But there are many cuts that should be made outside of the entitlement programs. The Department of Education spends $36 billion per year. There is no evidence of improved educational outcomes as a result of federal spending of hundreds of billions of dollars. End the program; it is not a federal responsibility at all. Saving $36 billion per year. And there is more. ...

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Government Leaders and Their Economic Advisers Have No Idea How to Create Jobs
Raymond Richman, 7/12/2011

Princeton Prof. Alan Blinder, in an opinion piece in the Wall Street Journal, 7-13-11 demonstrates the mental bankruptcy of most of America’s leading economists when it comes to developing solutions to reduce unemployment. He finds the May and June, 2011 unemployment reports “catastrophic”. The fraction of the population that is employed is lower than it was “when the recession officially ended in June, 2009”. (Officially?!). Republican proposals “to slash government spending” are “ways to kill jobs, not create them”. So what does the professor, a former member of the Board of Governors of the Federal Reserve System and a member of Pres. Clinton’s first Council of Economic Advisors, recommend? 

He prefaces his recommendations with two statements one of which we challenge. First, he writes, there is no magic bullet. Yes there is as we show below– it is called “balancing trade” by our single-country scaled-tariffs. Over the last four decades, China and other countries, including Japan, Germany, and the OPEC countries have siphoned an estimated five to eight million jobs from the U.S. manufacturing sector.  We can recover those eight million jobs.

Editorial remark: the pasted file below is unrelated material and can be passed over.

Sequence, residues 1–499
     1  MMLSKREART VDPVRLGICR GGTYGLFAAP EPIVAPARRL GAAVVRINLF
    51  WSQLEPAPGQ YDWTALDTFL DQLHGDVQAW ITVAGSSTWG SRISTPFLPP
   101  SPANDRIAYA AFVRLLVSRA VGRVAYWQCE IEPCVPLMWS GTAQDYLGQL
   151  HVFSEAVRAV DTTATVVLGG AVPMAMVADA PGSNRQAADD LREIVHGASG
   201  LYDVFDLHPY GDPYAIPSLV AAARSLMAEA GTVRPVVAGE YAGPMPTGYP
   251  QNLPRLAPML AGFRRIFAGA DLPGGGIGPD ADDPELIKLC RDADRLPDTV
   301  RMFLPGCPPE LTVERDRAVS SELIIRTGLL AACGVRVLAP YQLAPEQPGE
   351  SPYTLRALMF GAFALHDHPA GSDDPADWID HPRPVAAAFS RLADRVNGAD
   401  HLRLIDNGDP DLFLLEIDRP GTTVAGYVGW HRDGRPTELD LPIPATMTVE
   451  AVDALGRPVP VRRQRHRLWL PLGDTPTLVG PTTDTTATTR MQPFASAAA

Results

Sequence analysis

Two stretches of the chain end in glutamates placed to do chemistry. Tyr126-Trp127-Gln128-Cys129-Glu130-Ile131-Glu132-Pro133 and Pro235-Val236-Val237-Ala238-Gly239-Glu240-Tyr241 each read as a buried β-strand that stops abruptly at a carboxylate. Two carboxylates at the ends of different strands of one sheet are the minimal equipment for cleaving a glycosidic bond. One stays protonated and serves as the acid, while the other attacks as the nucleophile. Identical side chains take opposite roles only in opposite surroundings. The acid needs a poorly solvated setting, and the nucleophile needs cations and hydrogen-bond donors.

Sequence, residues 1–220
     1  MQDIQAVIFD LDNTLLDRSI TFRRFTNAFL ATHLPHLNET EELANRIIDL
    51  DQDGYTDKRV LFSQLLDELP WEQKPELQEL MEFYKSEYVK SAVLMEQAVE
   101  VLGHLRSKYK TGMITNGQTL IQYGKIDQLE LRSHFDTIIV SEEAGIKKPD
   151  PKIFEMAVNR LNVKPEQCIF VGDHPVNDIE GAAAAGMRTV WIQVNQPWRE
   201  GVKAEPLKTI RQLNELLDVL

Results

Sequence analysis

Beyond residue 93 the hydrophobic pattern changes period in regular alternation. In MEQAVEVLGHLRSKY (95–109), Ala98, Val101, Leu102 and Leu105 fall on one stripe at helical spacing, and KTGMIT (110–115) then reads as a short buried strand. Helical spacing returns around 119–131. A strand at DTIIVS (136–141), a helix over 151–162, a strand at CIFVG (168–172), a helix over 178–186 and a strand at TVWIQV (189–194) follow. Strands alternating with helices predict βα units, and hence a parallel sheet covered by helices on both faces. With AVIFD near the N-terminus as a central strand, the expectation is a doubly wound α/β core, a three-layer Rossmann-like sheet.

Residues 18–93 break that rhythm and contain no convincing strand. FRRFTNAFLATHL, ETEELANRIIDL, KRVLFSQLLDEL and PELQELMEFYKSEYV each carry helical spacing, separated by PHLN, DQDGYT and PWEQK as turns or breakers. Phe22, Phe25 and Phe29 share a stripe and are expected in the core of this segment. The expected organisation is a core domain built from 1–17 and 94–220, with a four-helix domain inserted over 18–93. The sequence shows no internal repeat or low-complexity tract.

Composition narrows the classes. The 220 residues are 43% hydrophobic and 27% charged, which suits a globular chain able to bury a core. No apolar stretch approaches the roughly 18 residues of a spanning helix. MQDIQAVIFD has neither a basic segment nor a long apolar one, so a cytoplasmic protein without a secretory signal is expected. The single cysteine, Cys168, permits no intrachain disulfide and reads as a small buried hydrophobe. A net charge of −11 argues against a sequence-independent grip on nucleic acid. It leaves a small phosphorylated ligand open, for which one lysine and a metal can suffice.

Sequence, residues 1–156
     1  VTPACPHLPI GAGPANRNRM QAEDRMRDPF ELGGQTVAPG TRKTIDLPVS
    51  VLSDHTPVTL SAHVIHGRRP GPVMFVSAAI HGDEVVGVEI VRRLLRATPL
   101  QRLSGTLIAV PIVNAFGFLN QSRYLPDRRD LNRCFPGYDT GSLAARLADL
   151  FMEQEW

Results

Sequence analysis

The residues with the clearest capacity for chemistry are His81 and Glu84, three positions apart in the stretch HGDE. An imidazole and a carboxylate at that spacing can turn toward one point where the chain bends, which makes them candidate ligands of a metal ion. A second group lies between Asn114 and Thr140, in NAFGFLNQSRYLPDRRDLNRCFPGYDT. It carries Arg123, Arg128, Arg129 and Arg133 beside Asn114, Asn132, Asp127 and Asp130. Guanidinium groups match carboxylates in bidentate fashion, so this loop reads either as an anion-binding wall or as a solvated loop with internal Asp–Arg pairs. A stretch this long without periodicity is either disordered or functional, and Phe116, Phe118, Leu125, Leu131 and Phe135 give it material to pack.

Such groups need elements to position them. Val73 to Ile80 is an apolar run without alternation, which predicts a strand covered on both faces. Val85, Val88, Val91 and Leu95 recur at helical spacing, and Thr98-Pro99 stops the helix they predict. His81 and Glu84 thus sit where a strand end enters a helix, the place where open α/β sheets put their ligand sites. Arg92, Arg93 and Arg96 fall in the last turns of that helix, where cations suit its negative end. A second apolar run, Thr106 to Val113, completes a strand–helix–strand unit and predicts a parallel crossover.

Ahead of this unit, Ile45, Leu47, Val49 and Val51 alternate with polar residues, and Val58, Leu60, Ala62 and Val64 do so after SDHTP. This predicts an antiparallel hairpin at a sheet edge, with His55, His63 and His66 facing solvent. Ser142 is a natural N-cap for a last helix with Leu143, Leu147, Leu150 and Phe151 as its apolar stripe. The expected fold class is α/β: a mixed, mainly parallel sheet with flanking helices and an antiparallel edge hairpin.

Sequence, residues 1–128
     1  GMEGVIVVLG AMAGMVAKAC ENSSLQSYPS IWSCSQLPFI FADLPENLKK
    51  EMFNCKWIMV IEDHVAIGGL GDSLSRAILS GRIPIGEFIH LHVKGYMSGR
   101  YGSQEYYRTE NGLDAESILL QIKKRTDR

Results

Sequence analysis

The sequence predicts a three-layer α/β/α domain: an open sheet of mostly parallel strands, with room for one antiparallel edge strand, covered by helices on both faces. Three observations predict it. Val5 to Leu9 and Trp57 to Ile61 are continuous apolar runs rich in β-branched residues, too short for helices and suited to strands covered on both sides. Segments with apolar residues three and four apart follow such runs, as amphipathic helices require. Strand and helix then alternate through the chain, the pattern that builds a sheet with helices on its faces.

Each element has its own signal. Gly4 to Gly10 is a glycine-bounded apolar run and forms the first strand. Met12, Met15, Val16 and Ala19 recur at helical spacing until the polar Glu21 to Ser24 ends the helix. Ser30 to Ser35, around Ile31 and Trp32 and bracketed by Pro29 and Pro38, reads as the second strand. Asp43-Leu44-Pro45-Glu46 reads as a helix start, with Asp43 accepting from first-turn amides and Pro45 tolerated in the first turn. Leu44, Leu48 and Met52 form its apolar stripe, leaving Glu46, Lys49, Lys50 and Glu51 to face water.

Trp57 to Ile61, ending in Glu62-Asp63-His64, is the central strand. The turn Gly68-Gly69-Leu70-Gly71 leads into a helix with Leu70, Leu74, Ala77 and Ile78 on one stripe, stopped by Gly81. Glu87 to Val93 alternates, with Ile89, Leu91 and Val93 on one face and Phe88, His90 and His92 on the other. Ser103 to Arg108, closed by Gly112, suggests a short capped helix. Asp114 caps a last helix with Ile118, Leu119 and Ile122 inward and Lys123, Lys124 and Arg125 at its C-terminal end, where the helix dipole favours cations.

Second, “there is no free lunch” by which he means the U.S. taxpayers will have to pay for the solution.  And what is his solution? He begins his proposal with the statement that “Creating jobs cost money –whether it’s via tax cuts or more spending." We have already spent trillions of dollars since 2009 in tax cuts and more spending, including a Keynesian $800 billion economic stimulus plan, and as Blinder pointed out, the result of all this spending was a level of employment lower in 2011 than it was in 2009. ...

 

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How to Restore America's Manufacturing Innovation -- we're published in this morning's American Thinker
Howard Richman, 7/10/2011

Here's how we begin: